By Rick Steves

Here are some tips and lessons that I’ve learned from the photographic school of hard knocks.

Capture striking light, contrasting shades, repeating patterns, interesting textures, bold colors and intimate close-ups.

Look for a new slant on an old sight. Postcard-type shots are hard to resist, but boring. Everyone knows what the Eiffel Tower or Big Ben looks like. Find a different approach to sights that everyone has seen. Instead of showing the Leaning Tower lean, climb to its top and try a shot of the piazza below you. Shoot up at the snowy face of the Matterhorn … through the hind legs of a cow.

Capture the personal and intimate details of your trip. Show how you lived, who you met, and what made each day an adventure (a close-up of a picnic, your favorite taxi driver, the character you befriended at the launderette). Those moments — your moments — are the ones you’ll want to remember.

Vary your perspective. Shoot close, far, low, or high, during the day and at night. Don’t fall into the rut of always centering a shot. Use foregrounds to add color, depth and interest to landscapes.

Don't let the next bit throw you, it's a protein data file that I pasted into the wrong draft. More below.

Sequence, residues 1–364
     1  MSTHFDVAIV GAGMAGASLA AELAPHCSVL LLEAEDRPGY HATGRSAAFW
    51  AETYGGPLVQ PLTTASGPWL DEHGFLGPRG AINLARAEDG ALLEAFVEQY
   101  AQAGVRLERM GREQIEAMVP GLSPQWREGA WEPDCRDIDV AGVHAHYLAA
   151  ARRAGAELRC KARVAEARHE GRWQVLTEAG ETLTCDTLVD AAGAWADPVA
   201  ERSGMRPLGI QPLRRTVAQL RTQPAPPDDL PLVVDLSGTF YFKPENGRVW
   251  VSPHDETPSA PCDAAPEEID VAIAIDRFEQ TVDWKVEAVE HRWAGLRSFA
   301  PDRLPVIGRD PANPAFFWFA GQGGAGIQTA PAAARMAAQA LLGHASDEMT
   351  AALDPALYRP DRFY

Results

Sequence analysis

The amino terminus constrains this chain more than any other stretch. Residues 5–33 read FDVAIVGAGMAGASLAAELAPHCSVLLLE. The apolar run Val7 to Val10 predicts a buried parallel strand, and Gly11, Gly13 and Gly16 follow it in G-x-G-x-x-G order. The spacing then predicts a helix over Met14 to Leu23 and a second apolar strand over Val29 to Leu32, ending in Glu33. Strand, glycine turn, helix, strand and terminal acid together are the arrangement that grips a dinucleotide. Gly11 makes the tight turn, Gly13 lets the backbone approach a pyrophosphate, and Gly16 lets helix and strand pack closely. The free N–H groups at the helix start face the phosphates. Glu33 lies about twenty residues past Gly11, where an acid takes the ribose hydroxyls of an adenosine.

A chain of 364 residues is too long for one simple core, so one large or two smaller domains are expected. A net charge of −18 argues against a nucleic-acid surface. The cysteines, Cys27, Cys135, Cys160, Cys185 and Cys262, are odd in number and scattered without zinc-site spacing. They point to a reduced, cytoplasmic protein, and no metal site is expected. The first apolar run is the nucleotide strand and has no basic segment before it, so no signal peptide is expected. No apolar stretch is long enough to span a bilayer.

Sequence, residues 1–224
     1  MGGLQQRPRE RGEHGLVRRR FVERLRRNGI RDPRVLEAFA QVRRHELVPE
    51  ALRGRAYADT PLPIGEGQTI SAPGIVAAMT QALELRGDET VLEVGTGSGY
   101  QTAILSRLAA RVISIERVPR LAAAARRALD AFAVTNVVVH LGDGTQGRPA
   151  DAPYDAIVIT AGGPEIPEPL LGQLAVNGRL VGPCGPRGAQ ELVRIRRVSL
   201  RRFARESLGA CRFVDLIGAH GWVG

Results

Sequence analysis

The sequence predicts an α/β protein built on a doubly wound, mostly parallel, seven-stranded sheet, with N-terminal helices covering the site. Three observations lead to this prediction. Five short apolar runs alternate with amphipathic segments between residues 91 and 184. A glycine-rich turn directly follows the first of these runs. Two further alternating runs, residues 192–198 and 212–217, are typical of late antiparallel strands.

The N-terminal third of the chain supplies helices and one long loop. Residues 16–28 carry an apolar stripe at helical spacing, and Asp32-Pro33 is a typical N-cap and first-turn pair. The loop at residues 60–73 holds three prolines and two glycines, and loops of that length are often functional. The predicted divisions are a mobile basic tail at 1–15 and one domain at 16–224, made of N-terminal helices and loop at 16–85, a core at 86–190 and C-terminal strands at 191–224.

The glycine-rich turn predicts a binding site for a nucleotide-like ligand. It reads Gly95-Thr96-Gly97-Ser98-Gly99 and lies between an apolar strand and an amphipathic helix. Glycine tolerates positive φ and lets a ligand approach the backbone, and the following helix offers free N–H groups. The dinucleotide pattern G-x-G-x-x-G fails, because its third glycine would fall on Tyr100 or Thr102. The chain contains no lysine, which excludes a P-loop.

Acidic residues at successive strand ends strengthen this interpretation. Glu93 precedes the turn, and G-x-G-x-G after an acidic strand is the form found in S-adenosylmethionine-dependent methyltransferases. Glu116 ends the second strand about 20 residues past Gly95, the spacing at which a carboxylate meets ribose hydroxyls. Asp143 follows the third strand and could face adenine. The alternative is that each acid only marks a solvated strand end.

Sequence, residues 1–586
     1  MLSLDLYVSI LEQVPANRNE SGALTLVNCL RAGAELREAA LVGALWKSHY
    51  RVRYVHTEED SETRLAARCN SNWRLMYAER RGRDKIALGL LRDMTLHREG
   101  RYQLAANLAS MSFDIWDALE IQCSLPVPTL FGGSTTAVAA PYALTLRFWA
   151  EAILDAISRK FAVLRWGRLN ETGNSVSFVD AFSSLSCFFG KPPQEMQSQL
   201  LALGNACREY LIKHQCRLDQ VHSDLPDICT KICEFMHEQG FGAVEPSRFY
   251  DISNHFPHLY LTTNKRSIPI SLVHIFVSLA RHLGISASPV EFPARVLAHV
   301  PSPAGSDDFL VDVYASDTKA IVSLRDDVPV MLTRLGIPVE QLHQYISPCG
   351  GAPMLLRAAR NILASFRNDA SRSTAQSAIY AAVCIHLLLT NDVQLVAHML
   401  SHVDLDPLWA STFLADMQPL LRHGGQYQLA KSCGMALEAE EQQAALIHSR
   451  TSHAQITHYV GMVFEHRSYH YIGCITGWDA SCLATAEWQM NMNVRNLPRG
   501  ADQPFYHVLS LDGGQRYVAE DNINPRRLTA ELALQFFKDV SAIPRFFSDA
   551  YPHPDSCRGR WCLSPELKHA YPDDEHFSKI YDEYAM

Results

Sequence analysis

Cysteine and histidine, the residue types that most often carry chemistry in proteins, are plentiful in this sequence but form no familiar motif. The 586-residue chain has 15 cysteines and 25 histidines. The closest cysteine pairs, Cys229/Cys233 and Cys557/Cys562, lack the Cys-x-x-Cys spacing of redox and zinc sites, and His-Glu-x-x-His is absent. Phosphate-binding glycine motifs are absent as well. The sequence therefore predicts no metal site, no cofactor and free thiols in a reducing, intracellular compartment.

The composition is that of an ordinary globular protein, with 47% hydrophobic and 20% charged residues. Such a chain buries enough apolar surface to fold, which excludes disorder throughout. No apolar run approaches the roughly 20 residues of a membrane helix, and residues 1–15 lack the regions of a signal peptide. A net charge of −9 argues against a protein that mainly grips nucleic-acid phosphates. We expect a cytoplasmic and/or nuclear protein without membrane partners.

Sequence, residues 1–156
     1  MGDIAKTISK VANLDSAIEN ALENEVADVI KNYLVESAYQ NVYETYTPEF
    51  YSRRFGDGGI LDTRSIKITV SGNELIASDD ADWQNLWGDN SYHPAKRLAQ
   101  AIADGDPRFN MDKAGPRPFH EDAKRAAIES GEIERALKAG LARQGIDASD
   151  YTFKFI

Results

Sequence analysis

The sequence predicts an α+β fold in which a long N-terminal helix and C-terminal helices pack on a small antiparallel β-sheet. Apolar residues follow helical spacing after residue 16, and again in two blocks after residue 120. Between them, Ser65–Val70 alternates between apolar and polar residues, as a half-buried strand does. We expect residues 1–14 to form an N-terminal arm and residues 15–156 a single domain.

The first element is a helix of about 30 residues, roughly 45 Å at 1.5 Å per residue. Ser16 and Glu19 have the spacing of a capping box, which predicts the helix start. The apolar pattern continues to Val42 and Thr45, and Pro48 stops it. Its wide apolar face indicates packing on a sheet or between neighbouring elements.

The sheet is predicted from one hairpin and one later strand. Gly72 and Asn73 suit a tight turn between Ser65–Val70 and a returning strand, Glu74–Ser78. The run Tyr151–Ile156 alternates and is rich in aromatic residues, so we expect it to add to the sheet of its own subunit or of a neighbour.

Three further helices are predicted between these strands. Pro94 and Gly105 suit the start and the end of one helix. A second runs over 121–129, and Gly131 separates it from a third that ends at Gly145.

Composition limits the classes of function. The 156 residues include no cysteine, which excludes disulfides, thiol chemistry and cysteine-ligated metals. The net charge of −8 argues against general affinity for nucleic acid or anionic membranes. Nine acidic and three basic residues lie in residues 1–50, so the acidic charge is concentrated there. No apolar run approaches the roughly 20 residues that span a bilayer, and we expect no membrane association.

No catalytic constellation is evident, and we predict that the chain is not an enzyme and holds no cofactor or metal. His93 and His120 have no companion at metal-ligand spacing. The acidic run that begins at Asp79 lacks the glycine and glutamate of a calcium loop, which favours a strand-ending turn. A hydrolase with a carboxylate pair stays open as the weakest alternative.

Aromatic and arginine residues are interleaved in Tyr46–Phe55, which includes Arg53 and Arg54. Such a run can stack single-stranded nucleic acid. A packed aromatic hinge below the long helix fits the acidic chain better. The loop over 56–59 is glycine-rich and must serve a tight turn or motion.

Notice details. Eliminate distractions by zeroing in on your subject. Get so close that you show only one thing. Don’t try to show all of something in one shot — zoom in. People are the most interesting subjects. It takes nerve to walk up to someone and take his or her picture. But if you want some great shots, be nervy.

Buildings, in general, are not interesting. It doesn’t matter if Karl Marx or Beethoven was born there, a house is as dead as its former resident. Experienced travel photographers take more people shots and fewer buildings or general landscapes.

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